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BP 14 IMF Website

BP 14 IMF Website

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Published by: Bruegel on Oct 31, 2011
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48The IMF appropriately assessed the macroeconomic risk to the global economy.
The Fund pointed to the severity of the financial crisis and its implications. It rightly
emphasised that the global deleveraging process had strong implications for global
demand, and that together with the risks in the financial system and the trade
decline, a repeat of a global Great Depression was a distinct possibility. In view of
this global risk, the Fund urged countries around the globe to enact significant
demand-side policies.

49As regards monetary policy, the right course for action was debated in the summer
of 2008, with the Fund making a positive contribution.
While Fund staff noted that
indicators of inflationary pressure and activity would likely soften, thereby
justifying an easing of monetary policy, the ECB pushed back strongly on this,
arguing that wage pressure was building up37

. The ECB decision to tighten in July
2008, which in retrospect can be judged a mistake, was therefore assessed as not
appropriate by the IMF. The IMF thus played a positive role in sounding a warning
on the downside risks to the euro-area economy. The staff report maintained this
scepticism about the monetary tightening, and stated that the case for keeping
rates on hold was “compelling”.

50As regards the aggregate fiscal policy stance, the IMF advice given to the euro
area was appropriate and timely.
The Fund urged euro-area economies to enact a
significant fiscal expansion. This policy advice was appropriate given the risks to
the global economy. The IMF was among the first institutions to understand the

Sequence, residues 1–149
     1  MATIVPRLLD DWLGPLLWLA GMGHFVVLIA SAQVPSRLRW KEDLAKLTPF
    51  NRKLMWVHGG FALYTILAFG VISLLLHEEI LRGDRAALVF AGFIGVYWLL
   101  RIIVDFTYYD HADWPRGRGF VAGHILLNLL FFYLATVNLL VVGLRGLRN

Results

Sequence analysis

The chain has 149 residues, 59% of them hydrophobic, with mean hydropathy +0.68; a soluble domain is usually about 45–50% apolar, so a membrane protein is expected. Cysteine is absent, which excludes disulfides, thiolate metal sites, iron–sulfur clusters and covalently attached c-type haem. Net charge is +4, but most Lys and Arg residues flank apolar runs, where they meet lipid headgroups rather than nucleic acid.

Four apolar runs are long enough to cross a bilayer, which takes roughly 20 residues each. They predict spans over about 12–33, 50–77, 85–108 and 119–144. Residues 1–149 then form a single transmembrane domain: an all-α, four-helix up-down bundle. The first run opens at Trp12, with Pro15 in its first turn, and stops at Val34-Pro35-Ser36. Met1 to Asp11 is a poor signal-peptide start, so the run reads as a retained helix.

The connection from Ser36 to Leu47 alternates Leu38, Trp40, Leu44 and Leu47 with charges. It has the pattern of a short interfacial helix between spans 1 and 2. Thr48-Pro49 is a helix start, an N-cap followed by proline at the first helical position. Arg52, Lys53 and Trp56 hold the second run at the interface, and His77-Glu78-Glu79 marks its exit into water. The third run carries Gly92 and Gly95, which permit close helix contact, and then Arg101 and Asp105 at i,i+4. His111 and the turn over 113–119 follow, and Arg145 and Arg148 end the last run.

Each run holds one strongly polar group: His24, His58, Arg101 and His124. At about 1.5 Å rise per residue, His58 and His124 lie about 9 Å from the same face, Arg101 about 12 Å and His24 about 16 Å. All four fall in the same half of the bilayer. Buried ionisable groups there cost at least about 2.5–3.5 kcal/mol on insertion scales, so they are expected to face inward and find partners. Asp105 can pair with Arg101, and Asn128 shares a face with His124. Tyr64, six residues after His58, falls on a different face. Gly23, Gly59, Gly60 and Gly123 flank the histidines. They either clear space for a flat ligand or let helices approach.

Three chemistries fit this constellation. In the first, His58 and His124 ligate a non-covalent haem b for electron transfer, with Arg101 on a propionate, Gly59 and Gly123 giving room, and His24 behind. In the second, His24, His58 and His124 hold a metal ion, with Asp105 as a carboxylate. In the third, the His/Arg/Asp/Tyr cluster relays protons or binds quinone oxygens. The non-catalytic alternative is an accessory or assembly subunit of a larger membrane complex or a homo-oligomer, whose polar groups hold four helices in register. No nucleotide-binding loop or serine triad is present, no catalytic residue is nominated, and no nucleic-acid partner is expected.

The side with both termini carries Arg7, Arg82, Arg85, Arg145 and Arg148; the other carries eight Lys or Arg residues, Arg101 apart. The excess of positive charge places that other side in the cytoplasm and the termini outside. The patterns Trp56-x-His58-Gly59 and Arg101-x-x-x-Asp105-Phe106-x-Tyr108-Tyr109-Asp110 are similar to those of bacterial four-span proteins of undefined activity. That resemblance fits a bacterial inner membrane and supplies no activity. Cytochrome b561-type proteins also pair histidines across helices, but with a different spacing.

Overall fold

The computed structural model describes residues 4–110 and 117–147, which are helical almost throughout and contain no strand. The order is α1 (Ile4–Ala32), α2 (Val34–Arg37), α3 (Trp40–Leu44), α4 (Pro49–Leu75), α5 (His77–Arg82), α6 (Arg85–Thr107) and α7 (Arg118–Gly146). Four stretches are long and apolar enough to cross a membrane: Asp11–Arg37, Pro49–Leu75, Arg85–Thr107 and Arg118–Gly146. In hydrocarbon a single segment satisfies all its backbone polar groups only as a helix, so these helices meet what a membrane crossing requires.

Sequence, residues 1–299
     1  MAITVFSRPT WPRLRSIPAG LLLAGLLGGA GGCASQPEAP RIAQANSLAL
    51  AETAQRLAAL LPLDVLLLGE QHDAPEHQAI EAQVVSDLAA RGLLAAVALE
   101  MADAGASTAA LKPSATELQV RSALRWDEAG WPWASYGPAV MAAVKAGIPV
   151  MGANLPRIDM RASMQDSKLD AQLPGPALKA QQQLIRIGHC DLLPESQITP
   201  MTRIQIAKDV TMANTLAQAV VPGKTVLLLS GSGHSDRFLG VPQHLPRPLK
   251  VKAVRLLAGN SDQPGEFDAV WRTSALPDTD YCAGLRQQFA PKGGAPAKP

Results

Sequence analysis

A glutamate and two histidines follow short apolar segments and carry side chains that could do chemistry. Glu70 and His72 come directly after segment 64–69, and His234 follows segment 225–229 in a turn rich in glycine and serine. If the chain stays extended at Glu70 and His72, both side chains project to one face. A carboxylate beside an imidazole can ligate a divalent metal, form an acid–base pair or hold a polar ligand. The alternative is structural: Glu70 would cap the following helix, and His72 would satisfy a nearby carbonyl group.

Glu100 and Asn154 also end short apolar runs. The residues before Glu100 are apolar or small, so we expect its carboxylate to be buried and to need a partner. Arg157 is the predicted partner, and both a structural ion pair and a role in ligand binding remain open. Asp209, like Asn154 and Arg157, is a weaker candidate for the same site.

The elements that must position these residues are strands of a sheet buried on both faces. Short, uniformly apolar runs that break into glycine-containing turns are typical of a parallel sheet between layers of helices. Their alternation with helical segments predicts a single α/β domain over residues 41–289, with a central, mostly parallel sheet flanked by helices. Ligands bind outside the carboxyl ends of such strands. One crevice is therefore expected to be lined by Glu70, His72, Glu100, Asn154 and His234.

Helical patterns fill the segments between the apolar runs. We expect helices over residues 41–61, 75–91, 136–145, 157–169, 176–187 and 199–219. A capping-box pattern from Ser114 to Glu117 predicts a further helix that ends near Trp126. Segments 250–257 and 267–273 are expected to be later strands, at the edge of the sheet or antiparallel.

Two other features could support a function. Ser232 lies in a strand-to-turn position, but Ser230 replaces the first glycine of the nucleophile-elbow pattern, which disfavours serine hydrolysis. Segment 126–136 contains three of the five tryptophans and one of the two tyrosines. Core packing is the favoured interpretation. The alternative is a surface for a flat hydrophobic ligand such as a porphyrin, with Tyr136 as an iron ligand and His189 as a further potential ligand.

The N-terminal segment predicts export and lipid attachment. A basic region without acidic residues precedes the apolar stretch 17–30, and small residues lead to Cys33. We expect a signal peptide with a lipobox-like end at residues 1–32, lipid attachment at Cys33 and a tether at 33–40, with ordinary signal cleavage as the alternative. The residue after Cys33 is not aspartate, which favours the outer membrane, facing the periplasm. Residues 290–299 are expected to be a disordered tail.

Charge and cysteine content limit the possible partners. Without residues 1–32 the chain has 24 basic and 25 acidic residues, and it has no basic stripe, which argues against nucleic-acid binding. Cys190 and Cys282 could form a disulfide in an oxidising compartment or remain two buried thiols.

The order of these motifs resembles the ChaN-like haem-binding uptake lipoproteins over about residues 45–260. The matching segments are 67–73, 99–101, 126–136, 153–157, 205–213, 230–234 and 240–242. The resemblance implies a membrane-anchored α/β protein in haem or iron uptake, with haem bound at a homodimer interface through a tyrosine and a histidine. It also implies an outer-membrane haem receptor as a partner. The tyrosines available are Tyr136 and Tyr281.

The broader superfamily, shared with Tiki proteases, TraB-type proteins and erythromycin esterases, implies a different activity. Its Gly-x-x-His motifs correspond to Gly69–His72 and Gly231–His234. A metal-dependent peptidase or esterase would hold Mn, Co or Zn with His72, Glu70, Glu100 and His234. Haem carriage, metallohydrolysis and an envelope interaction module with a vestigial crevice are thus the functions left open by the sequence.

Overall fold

severity of the crisis and to call for a strong macroeconomic policy response38

. The

advice helped to significantly shape the debate in the euro area on fiscal policy.

51However the Fund did not sufficiently differentiate its advice on fiscal expansion
for the different euro-area countries, thereby contributing to the build-up of
vulnerabilities.
The Fund made the general point that fiscal policy needs to be

39.See for example interview ‘Transcript of a Conference Call on the November 2009 Cross-Country Fiscal Monitor,’
with Carlo Cottarelli, Fiscal Affairs Department Director, November 3, 2009, Washington DC. Available at:
http://www.imf.org/external/np/tr/2009/tr110309.htm.

IMF SURVEILLANCE OF THE EURO AREAAN EVALUATION

25

differentiated according to fiscal space. While the advice for the euro-area
aggregate was appropriate, the differentiation message was not sufficiently broken
down across countries and remained general. In the euro-area Article IVs, message
on differences in fiscal space given in 2008 and 2009 were weak or absent. In the
case of Spain, even the April 2009 Article IV is rather cautious, and does not sound
a clear warning on fiscal difficulties. The risks stemming from implicit liabilities in
the financial sector are not mentioned prominently either. In its assessment, the
Fund also missed the fact that fiscal revenues in Spain were artificially high before
the crisis and that the structural deficit was correspondingly larger, and
significantly so (see Box 2 on the next page). This could have been seen in real
time. Only in the late autumn of 2009 did the Fund shift direction and become
much more cautious on fiscal policy39

. By May 2010, very strong warnings were
issued: deep and frontloaded fiscal policy retrenchment measures were called for,
and it was recommended that budget plans be based on more prudent
macroeconomic forecasts.

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